Winemaking is literally in vintner Sean McRitchie’s DNA. His father was a winemaker in Oregon and California, and Sean grew up to work in renowned wineries from Alsace Lorraine to Australia. The vintages at McRitchie Winery & Ciderworks (315 Thurmond Post Office Rd., Thurmond) are outstanding, but what distinguishes this vineyard from others in the region is its hard cider program. Heritage apples are handpicked from an orchard in North Carolina’s Brushy Mountains, fermented, and nurtured into a crisp, clear artisan cider. Bring a picnic basket and spend the afternoon at this tranquil oasis just 15 minutes from downtown.


Named one of “America’s Best Farmers Markets” by U.S. News and World Report, the Cobblestone Farmers Market is a lively, year-round market featuring the best bounty from regional producers. Vendors are rigorously vetted to ensure their products adhere to strict animal welfare and sustainability standards, so you can be sure that what you’re buying is not only good for you, but for Mother Earth as well. Browse (and sample) from local cheeses, meets, fruits, vegetables, breads, flowers, jam, wine and much more. On average, products travel just 21 miles from production site to you. (Various locations depending on season.)


Photo courtesy of Piedmont Craftsmen Gallery

Located in the heart of the Winston-Salem Downtown Arts District, Piedmont Craftsmen Gallery (601 N. Trade St.) features works from nearly 400 talented craftsmen from across the United States. From exquisite jewelry to handmade garments, decorative items to functional housewares, you are sure to find just the unique item or gift you’re looking for. Exhibitors must complete a rigorous juried selection process based on their skills and professionalism, ensuring that shoppers not only have access to quality craftsmanship, but excellent customer service as well. When it’s time to shop for take-home gifts, this should be your first stop.

If it’s North Carolina-themed gifts you seek, look no further than Design Archives (636 W. Fourth St.). The funky selection of apparel, pillows, jewelry, home décor is constantly changing, and there’s also a section for vintage clothing and accessories. Multiple vendors, collectors, artisans and resellers lease space inside the store and operate as “mini shops,” ensuring a rotating inventory that keeps locals coming back to check out what’s new.

One of the more unique shopping–and lounging–experiences in the city, Twin City Cigar Company (301 Mill St.) has a “Buena Vista Social Club” vibe. The owner, a former deejay from New York, always has some great (often Cuban) music playing, and there are several outdoor smoking areas as well as two indoor lounges with leather smoking chairs and state-of-the-art ventilation systems. So you can stay connected, there’s free wifi, a charging station for your devices, and printing and faxing services, too. Of course, the walk-in humidor is a beautiful sight to behold. Order an espresso or filtered water and plan to stay awhile.

Monkee’s of The Village (217 Reynolda Village) is the place for upscale ladies shopping. Cute dresses, jackets, sweaters, shoes and brand name jewelry such as Chanel and Michael Kors fill the boutique floor, ensuring you’ll look great for a night out downtown. The friendly and knowledgeable staff can help put your look together.

Restaurants & Pubs

It’s hard to pick a favorite part about The Porch (840 Mill Works St.): the friendly staff, gargantuan portion sizes, eclectic décor, and cooler stocked with take-home menu favorites make it hard to choose. Menu standouts include the chopped salad and pimiento cheeseburgers. If you visit at brunch, don’t miss the French toast sticks and Bloody Mary bar.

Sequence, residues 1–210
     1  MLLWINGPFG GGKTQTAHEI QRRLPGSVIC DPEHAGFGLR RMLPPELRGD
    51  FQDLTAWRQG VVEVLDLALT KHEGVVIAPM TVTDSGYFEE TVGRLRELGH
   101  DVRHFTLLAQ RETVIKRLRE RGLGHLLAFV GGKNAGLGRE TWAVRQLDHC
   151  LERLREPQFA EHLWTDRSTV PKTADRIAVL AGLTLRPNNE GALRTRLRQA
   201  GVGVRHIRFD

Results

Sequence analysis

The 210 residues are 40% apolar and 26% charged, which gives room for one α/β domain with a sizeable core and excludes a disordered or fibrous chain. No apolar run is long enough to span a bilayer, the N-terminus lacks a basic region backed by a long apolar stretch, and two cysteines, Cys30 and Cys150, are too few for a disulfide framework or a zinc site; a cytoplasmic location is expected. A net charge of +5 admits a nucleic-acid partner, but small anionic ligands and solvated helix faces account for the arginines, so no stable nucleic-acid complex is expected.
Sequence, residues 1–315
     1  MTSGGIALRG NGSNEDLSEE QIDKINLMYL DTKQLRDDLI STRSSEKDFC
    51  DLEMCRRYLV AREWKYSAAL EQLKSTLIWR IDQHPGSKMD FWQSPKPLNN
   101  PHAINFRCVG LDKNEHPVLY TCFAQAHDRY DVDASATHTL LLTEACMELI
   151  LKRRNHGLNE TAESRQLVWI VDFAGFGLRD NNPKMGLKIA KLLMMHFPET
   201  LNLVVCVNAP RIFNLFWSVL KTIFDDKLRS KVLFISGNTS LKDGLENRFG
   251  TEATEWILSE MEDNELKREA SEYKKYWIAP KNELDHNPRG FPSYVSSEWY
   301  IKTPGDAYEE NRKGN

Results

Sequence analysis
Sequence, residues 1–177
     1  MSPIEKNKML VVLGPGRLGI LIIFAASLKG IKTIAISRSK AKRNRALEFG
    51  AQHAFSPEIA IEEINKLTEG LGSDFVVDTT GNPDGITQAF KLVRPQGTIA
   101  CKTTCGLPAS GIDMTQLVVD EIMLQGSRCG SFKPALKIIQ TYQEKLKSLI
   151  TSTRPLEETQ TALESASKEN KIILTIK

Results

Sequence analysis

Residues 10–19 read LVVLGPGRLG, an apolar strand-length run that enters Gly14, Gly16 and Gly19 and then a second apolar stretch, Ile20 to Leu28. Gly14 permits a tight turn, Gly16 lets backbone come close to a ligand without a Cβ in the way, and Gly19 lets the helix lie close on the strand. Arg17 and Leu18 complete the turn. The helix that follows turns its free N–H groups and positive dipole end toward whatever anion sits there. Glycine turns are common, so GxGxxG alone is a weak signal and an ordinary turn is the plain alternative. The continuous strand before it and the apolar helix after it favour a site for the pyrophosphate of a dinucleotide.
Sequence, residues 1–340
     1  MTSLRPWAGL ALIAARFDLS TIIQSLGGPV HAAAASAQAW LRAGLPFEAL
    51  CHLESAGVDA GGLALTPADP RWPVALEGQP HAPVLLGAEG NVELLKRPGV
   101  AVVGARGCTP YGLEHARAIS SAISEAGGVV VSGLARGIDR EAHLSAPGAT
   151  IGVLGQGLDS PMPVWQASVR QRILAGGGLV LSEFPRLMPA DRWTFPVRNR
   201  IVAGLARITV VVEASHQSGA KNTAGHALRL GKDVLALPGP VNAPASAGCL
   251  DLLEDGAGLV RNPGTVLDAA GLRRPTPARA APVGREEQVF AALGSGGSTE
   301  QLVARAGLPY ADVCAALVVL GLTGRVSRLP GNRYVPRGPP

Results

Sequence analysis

frontnight (1)

Photo courtesy of Andy Tennille

By the time he was 12 years old, legendary moonshiner Frank Williams was operating his own still. Now, patrons at Broad Branch Distillery (756 Trade St. NW) can sip for themselves what all the fuss was about. After years of “chasing” Mr. Williams around, he agreed to let owners John Fragakis and Joe Tappe produce his secret whiskey recipe. Due to recent changes in North Carolina’s beverage control laws, locals and visitors alike can now purchase one bottle per year at the on-site tasting room. Stop by on the first or third Friday of the month, when you can hop on a tour at 6:30 p.m.

Inside Winston-Salem’s swankiest new hotel, The Cardinal, is The Katharine Brasserie (51 4th St. E.), named for tobacco mogul R.J.’s wife. Here, diners can savor perfect mashups of traditional brasserie fare and Southern cooking. Think baked escargot with crispy hushpuppies, duck confit with grilled peaches and pickled mustard seeds, and sweet potato crème brulée. A raw bar and robust cocktail and wine lists round out the tasting experience.


Photo courtesy of J. Sinclair

Local celebrity chef Tim Grandinetti (who has appeared on the Food Network’s popular Chopped series) operates two of the hottest restaurants in town. At Quanto Basta (680 W. Fourth St.), he adheres to the namesake Italian concept: “as much as you want, as much as you need.” Small plates and antipasti make the perfect beginning to an evening with friends, while hearty, heaping plates of pasta with rustic sauces, artisanal pizzas and charcuterie will appease those with a growling tummy. An extensive wine list featuring Barolo, classified-growth Bordeaux, and other hard-to-find varietals offers the perfect complement to whatever dish you choose.

Craft beer is all the rage in the U.S., and Winston has its own artisan brewery to be proud of. Hoots Roller Bar & Beer Co. (840 Mill Works St.) prides itself on serving “blue collar brews” alongside its signature offerings like lagers, stouts, wormwood sours and heather ale. Think you don’t like beer? You might become a convert after listening to the bartenders speak lovingly about their brews and the quality ingredients that go into making them. In case you’re wondering, the name comes from the building it occupies–the former Hoots flour mill is a historic backdrop to the modern interpretations of Old World classic brews.